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Hadamard’s gap theorem

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We mentioned briefly at the end of this post that Carlson proved that a function whose power series expansion has integer coefficients and radius of convergence 1 is either rational or has a natural boundary.  A function has a natural boundary if every point on its circle of convergence is a singularity.  In particular, it cannot be analytically continued beyond its disc of convergence.

An example of a function with natural boundary is f(z) = \sum_{n=0}^\infty z^{2^n}.  It is enough to show that the singularities of f are dense on the unit circle.  Let k,N be positive integers and let z = re^{2\pi ik/2^N} for some r<1.  Then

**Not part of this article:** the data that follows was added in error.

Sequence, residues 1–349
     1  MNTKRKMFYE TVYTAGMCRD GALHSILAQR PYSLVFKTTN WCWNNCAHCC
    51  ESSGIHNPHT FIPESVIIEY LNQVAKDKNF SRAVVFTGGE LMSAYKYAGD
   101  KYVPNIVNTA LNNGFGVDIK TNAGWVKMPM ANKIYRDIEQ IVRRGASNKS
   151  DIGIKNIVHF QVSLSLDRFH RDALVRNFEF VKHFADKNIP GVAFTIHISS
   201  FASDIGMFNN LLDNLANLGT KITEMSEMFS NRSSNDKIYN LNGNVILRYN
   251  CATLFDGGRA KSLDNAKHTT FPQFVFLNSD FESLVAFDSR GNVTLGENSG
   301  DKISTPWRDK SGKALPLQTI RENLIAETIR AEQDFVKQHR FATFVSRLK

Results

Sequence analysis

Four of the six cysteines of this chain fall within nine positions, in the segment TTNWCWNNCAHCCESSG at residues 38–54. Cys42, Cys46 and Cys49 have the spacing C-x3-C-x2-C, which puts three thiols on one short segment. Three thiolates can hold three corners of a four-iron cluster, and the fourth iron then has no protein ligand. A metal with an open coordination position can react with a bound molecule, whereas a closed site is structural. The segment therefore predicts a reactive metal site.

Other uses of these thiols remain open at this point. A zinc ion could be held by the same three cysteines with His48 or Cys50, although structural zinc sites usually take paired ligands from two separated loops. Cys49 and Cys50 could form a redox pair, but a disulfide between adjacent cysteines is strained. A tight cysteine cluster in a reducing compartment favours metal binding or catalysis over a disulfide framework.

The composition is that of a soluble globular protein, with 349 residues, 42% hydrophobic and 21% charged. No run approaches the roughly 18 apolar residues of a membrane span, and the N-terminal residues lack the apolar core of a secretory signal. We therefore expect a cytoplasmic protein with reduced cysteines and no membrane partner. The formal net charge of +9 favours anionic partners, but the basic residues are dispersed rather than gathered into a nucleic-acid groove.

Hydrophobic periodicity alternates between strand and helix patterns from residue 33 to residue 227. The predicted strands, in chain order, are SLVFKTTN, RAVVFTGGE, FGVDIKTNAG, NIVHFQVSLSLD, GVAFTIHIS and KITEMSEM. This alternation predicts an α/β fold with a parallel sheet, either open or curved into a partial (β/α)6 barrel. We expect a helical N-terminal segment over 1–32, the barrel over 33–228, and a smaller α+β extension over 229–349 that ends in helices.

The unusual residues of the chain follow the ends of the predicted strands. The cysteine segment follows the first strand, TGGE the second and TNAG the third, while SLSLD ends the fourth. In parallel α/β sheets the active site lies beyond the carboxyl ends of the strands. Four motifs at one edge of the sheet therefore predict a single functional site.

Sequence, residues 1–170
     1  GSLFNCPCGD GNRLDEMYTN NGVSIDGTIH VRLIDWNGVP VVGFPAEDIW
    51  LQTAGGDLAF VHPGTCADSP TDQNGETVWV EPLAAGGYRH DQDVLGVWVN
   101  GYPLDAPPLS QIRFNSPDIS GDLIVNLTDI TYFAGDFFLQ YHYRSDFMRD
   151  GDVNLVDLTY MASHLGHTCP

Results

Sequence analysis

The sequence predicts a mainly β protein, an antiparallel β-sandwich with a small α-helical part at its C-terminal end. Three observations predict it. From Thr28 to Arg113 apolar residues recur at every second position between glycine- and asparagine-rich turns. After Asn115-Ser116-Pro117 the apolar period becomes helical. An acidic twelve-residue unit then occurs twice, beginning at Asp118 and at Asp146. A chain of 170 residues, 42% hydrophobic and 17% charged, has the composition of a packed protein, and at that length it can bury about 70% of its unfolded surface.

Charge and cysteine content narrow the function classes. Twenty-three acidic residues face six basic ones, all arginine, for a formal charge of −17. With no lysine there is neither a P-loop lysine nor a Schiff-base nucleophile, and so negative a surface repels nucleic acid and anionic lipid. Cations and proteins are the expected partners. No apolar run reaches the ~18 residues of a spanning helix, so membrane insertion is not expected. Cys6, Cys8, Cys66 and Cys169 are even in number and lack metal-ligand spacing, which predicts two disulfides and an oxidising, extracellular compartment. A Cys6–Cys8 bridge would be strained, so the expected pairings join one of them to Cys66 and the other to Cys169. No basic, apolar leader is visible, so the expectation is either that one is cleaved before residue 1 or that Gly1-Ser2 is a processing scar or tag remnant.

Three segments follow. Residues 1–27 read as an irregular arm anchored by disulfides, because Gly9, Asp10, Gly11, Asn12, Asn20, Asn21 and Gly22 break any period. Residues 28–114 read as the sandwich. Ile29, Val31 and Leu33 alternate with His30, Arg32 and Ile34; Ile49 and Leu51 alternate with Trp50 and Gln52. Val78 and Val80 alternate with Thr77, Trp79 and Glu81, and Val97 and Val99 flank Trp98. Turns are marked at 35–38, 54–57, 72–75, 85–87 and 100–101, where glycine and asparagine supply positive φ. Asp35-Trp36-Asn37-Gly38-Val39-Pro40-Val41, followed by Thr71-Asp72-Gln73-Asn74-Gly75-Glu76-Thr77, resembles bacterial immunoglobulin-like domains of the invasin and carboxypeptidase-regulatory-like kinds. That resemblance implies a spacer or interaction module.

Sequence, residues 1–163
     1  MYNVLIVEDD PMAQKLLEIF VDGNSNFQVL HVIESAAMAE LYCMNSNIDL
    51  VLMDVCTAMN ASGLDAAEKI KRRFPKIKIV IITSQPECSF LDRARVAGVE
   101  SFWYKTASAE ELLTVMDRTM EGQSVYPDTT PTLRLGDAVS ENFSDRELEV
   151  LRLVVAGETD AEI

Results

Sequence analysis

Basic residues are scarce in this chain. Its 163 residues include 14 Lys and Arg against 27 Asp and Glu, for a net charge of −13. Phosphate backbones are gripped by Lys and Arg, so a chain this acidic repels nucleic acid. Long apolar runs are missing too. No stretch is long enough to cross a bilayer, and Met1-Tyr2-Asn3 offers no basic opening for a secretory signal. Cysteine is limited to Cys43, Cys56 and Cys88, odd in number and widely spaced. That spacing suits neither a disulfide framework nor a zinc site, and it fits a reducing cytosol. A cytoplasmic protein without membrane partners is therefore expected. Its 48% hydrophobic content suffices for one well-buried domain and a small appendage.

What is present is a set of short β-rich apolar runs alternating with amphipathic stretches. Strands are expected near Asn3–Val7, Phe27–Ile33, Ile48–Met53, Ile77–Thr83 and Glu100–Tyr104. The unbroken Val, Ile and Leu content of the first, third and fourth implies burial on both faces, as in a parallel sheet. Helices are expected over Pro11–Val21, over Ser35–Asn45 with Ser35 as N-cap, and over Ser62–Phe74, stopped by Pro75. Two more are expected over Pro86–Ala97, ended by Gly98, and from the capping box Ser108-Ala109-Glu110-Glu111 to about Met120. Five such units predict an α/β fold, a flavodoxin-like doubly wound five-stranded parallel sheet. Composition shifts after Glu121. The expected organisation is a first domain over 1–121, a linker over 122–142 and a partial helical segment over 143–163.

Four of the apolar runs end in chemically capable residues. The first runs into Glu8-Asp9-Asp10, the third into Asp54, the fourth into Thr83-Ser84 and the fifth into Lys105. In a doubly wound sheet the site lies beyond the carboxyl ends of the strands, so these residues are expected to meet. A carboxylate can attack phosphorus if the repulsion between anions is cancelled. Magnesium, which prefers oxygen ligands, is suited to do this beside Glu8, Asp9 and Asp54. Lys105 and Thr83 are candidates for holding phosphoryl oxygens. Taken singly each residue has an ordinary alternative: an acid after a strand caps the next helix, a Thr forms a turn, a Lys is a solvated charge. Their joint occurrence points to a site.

f(z) = \sum_{n=0}^\infty z^{2^n} = \sum_{n=0}^\infty (re^{2\pi ik/2^N})^{2^n}

= \sum_{n=0}^{N-1} (re^{2\pi ik/2^N})^{2^n} + \sum_{n=N}^\infty (re^{2\pi ik/2^N})^{2^n}

= \sum_{n=0}^{N-1} (re^{2\pi ik/2^N})^{2^n} + \sum_{n=N}^\infty r^{2^n}.

However, \sum_{n=N}^\infty r^{2^n} is unbounded as r tends to 1.  Thus, z = e^{2\pi ik/2^N} is a singularity of f for every positive k,N.  This gives a dense set of singular points on the unit circle, completing the proof of the claim.

This phenomemon is captured by a general theorem of Hadamard, which states that if \lambda >1 is a real number and \{b_n\} is a sequence of positive integers such that for all n, b_{n+1} > \lambda b_n, then f(z) = \sum_{n=0}^\infty a_n z^{b_n} has a natural boundary.

A much more powerful “gap theorem” due to Fabry, replaces the condition b_{n+1} > \lambda b_n with \lim_{n\to\infty} n/b_n = 0.  This result is capable, for instance, of establishing that f(z) = \sum_{n=0}^\infty z^{n^2} has a natural boundary.

Written by uncudh

March 28, 2009 at 9:42 pm

Posted in math

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Power series with integer coefficients